Cars made by Citroen, Honda, Kia, Nissan, Peugeot and Vauxhall are still vulnerable to keyless thefts

14 manufacturers tell Which? they have NOT implemented any new security measures

  • Some 33 brands asked what measures they had to prevent keyless car thefts
  • Only Mercedes-Benz and Tesla have blocking systems across their ranges
  • Another 12 brands have measures to stop relay attacks, but not for all models
  • Many of these new systems are motion sensors that put keyfobs into an auto sleep model if the keys have not been moved for half an hour
  • This stop them from being infiltrated using relay attacks while owners sleep
  • Experts welcomed their introduction but say they're not the definitive answer 

An astonishing number of car makers have admitted they have not fixed well-known security flaws with their vehicles that allow them to be remotely stolen by criminals.

A total of 14 out of 33 manufacturers told Which? that they hadn't implemented new security measures to resist keyless thefts, with just two installing range-wide technology to safeguard their vehicles from thieves.

With keyless theft - using so-called 'relay tactics' that trick the owner's fob into opening the vehicle - rampant across the country in recent years, the consumer group says auto firms 'continue to make new cars that can easily be stolen by criminals'.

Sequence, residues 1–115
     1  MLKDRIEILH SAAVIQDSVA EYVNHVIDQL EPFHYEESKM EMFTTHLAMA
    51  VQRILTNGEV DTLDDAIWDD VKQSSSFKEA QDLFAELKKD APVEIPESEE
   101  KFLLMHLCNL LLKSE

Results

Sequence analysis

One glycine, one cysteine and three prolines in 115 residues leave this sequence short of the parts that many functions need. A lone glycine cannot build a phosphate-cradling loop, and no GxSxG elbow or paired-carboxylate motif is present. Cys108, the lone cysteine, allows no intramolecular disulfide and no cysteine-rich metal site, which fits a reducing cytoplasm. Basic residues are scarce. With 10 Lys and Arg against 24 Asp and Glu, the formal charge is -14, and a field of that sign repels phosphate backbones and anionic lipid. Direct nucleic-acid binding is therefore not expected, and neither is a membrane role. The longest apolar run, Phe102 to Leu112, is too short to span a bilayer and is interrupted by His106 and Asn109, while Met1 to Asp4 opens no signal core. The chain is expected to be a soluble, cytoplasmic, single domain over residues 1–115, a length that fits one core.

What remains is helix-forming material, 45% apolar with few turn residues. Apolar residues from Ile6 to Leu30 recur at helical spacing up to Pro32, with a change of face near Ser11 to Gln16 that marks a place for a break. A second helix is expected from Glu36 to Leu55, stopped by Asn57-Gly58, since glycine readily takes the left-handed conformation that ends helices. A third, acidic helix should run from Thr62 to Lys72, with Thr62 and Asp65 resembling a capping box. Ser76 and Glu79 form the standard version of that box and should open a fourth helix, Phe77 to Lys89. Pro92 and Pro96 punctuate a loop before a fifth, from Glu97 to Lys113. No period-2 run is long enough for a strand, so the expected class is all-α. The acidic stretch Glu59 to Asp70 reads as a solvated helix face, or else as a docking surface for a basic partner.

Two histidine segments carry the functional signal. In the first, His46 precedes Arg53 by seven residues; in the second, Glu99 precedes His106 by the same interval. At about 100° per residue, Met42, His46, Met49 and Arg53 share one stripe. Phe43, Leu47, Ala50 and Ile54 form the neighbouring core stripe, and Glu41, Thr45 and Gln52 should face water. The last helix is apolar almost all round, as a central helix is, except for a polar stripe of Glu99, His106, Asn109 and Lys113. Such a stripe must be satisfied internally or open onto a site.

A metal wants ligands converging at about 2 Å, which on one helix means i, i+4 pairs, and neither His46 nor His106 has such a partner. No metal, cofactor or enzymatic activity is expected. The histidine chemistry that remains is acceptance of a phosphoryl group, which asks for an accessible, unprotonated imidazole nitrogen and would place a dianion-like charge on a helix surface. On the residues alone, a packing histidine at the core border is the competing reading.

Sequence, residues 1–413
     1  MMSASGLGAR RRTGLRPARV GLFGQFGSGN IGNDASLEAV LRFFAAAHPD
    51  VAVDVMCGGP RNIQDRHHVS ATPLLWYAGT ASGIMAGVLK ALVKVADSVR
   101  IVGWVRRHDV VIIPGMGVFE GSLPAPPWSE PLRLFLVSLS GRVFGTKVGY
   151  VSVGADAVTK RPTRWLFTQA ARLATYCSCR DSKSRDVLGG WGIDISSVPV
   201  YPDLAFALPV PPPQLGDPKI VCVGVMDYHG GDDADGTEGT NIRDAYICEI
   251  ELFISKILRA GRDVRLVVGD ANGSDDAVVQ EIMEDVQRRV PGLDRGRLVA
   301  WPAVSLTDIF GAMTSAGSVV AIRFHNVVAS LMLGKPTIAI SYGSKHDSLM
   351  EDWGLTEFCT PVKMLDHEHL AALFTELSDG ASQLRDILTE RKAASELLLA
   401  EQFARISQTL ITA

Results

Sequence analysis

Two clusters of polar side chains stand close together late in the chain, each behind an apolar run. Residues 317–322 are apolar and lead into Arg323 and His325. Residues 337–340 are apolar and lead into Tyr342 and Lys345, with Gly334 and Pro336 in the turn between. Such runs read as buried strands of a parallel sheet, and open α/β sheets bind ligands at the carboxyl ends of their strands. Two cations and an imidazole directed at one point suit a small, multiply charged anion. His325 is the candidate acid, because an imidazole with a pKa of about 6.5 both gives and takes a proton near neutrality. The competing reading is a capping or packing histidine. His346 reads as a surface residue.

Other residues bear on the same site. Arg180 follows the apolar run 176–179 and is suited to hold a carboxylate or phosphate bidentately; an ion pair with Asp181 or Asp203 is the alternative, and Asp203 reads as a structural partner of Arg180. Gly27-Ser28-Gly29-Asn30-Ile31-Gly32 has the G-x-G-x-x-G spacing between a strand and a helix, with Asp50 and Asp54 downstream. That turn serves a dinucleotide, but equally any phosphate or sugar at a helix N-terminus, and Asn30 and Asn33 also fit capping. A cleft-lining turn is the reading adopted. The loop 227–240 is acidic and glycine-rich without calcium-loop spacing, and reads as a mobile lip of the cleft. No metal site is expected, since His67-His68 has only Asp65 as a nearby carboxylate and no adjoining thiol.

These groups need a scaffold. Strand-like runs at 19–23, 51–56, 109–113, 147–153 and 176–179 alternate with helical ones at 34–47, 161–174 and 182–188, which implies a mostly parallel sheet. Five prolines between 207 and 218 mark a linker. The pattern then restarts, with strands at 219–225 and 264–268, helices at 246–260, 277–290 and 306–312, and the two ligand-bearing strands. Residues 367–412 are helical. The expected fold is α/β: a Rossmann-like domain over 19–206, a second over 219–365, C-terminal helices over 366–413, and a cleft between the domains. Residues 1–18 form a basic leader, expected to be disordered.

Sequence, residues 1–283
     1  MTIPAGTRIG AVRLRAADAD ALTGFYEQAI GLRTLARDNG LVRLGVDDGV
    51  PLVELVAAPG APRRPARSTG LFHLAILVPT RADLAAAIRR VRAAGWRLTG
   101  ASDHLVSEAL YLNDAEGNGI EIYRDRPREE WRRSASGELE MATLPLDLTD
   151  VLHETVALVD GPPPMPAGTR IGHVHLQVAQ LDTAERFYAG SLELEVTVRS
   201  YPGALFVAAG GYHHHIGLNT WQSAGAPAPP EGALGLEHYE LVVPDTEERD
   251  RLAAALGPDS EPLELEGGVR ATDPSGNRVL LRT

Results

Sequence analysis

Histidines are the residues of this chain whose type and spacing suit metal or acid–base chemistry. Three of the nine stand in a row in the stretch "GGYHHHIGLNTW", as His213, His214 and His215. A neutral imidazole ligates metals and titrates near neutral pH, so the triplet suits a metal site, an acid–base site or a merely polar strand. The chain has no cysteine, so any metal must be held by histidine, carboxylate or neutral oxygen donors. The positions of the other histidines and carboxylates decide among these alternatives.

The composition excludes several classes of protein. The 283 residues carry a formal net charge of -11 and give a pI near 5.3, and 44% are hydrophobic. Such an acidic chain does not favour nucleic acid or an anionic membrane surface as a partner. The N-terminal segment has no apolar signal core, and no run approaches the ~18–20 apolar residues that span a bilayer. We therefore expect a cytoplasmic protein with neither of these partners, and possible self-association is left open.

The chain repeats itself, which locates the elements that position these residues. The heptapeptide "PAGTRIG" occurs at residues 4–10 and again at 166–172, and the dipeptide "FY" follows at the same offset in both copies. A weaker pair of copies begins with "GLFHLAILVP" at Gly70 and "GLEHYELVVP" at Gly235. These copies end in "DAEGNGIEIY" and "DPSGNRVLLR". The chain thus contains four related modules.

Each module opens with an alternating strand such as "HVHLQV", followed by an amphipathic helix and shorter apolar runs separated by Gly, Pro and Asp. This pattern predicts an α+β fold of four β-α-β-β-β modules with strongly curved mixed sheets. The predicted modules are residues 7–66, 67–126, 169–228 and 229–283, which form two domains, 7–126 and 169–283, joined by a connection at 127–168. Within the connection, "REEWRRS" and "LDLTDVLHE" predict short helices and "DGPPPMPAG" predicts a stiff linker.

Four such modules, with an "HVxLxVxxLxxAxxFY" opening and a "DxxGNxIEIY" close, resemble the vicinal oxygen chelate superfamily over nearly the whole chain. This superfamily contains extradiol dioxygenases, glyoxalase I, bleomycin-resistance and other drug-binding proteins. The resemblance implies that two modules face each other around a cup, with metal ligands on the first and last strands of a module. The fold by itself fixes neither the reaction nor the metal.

Alarmingly, 14 of the brands contacted by Which? said they had not implemented any new preventative measures to tackle relay thefts. 

Manufacturers that have failed to bring in a fix include Citroen, DS, Honda, Hyundai, Kia, Lexus, Mazda, Mitsubishi, Nissan, Opel/Vauxhall, Peugeot, Renault, SsangYong and Suzuki.

Fiat Chrysler Automobile - the parent group for Alfa Romeo, Fiat, Jeep and Maserati -  did not respond to Which?’s questions.

Only two brands, Mercedes and Tesla, told teh consumer association that they had issued a fix across their entire range of new and existing cars.

Another 12 brands have issued a fix, though only across part of their range. Other car firms including Volvo, Land Rover and Ford are upgrading the security defences of newer vehicles but don’t have any plans to apply this to many of their older cars.

Read the full article to see the detailed results:

Author: Rob Hull for